Saturday, 5 May 2018

"The Best of 60s Elvis, Vol 1" - an imaginary CD

I'm having a whale of a time working my way through Shane Brown's Reconsider Baby: Elvis Presley - A Listener's Guide, which concentrates on the music, rather than the folderol. I wasted the best part of two hours listening to Elvis's 1960s output yesterday, trawling for any good stuff I might have missed. One or two tracks popped up, but, on the whole, the experience was as maddening as one might have expected. After all, we're talking about the man who went from recording the glorious "Little Sister" in 1961 - and the more-then-acceptable "Return to Sender" in 1962 - to committing the abomination that was "There's) No Room to Rhumba in a Sports Car" in 1963, the anodyne "Kiss Me Quick" in '64, and the inane "Do the Clam"  in '65  (the last two released as singles as the British Invasion raged!). The first signs that his mojo was returning...

...came towards the end of 1967, with the release of "Big Boss Man", and, at the start of 1968, with "Guitar Man". I wondered what a single CD's worth of really good Elvis material, only using songs recorded between 1st. January, 1960 and 31st December, 1969, would look like. So I had a go.

Let me admit right away that the choice of tracks is based entirely on my personal preferences and prejudices. I'm one of those traditionalists who believe that Elvis's very best work was done at Sun Studios, that his next best work was done in his pre-Army period with RCA, that a handful of his immediate post-Army tracks stand comparison with his pre-Army output, and that, with very few exceptions, his post-963 recordings represent the "melancholy, long, withdrawing roar" of a huge, transformative and totally natural talent fading away into drug-addled oblivion. I'm not a great fan of Elvis's big, baritone, ballad voice: I prefer the younger, lighter, more graceful, more playful Sun version, and the deeper, rawer, more rasping one he developed at RCA.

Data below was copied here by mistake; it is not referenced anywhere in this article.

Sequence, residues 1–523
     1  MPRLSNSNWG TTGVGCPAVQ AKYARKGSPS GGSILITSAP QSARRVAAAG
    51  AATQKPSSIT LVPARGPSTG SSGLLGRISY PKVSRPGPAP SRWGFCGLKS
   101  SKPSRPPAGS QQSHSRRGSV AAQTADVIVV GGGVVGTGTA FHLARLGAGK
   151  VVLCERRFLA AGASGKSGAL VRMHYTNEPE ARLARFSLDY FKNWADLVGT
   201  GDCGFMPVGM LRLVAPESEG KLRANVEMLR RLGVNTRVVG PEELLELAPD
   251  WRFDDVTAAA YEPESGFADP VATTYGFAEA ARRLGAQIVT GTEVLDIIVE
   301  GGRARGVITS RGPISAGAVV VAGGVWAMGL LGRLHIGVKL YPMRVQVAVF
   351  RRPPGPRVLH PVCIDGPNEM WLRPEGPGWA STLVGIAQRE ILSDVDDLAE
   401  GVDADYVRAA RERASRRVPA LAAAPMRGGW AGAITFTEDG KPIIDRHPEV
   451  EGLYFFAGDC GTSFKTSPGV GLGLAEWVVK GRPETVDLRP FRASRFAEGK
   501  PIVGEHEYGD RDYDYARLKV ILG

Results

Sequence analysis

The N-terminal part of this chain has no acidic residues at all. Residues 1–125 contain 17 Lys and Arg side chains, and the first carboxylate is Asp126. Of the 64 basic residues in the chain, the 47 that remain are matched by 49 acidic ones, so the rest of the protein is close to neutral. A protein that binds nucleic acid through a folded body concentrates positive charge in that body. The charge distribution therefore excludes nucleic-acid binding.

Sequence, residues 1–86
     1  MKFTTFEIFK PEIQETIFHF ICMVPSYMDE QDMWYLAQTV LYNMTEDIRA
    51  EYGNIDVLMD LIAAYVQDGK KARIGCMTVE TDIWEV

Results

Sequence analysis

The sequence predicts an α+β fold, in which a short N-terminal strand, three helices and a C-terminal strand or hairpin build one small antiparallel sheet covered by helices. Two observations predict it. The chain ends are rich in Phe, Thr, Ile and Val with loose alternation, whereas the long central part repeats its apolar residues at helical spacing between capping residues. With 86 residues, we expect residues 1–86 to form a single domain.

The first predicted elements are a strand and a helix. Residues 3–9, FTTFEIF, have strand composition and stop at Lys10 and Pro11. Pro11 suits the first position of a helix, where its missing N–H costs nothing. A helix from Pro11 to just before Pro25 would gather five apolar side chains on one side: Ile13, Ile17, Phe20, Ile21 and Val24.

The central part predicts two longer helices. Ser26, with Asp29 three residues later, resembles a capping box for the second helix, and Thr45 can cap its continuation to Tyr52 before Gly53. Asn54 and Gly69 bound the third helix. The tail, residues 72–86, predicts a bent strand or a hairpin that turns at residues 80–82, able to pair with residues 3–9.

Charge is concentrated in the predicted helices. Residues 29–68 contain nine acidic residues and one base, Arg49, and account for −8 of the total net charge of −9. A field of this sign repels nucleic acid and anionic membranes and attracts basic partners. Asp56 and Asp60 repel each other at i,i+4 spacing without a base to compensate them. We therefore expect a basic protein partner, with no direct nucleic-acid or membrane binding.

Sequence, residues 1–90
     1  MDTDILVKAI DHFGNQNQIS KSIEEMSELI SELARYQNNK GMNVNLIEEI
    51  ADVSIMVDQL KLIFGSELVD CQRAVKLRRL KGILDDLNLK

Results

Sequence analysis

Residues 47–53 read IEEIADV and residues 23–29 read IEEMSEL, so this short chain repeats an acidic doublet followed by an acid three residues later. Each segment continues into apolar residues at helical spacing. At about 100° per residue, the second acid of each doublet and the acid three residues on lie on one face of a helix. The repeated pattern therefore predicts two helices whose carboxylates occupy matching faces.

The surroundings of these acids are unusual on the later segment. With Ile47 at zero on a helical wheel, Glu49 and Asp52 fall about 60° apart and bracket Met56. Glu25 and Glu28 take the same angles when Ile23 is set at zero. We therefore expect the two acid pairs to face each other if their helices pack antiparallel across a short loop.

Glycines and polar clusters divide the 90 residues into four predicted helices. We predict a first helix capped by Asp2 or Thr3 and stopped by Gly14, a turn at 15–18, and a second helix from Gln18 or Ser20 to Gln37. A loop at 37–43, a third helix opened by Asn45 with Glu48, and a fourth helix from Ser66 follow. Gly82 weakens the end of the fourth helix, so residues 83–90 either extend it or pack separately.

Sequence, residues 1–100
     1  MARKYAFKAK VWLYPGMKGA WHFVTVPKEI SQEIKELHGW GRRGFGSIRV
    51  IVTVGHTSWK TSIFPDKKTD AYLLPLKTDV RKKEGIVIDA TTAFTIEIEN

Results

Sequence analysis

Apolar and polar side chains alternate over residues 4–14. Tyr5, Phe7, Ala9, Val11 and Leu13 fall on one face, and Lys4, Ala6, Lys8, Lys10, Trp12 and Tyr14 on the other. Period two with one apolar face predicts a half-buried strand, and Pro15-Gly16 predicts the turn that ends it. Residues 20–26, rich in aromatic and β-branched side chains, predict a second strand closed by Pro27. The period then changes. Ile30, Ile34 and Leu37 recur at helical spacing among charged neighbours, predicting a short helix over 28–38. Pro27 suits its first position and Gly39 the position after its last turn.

With two exceptions (one live performance, one home recording), I've stuck with proper studio versions. Here, in no particular order, are the 30 tracks I'd have on my The Best of 60s Elvis Vol. 1 CD:

1.  Little Sister (1961) - Elvis's finest '60s track: Pomus/Shuman song, Hank Garland on guitar - if only Elvis had continued along this path!
2.  His Latest Flame (1961) - the flip-side of "Little Sister": same songwriters
3.  Return to Sender (1962): insanely catchy Otis Blackwell, Winfield Scott number

4.  A Mess of Blues (1960) - Pomus/Shuman, again
5.  Guitar Man (1967) - straight copy of Jerry Reed's original, with Jerry Reed on guitar
6.  Little Egypt (1964) - Leiber & Stoller: not as good as The Coasters' version, but still fun

7.  I Feel So Bad (1961) - great Chuck Willis cover
8.  Gonna Get Back Home Somehow (1962) - you guessed it: Pomus & Shuman
9.  Can't Help Falling in Love (1961) - too much vibrato, but still his greatest ballad performance
10. Baby What Do You Want Me To Do (1968) - magnificent live version of Jimmy Reed's R&B classic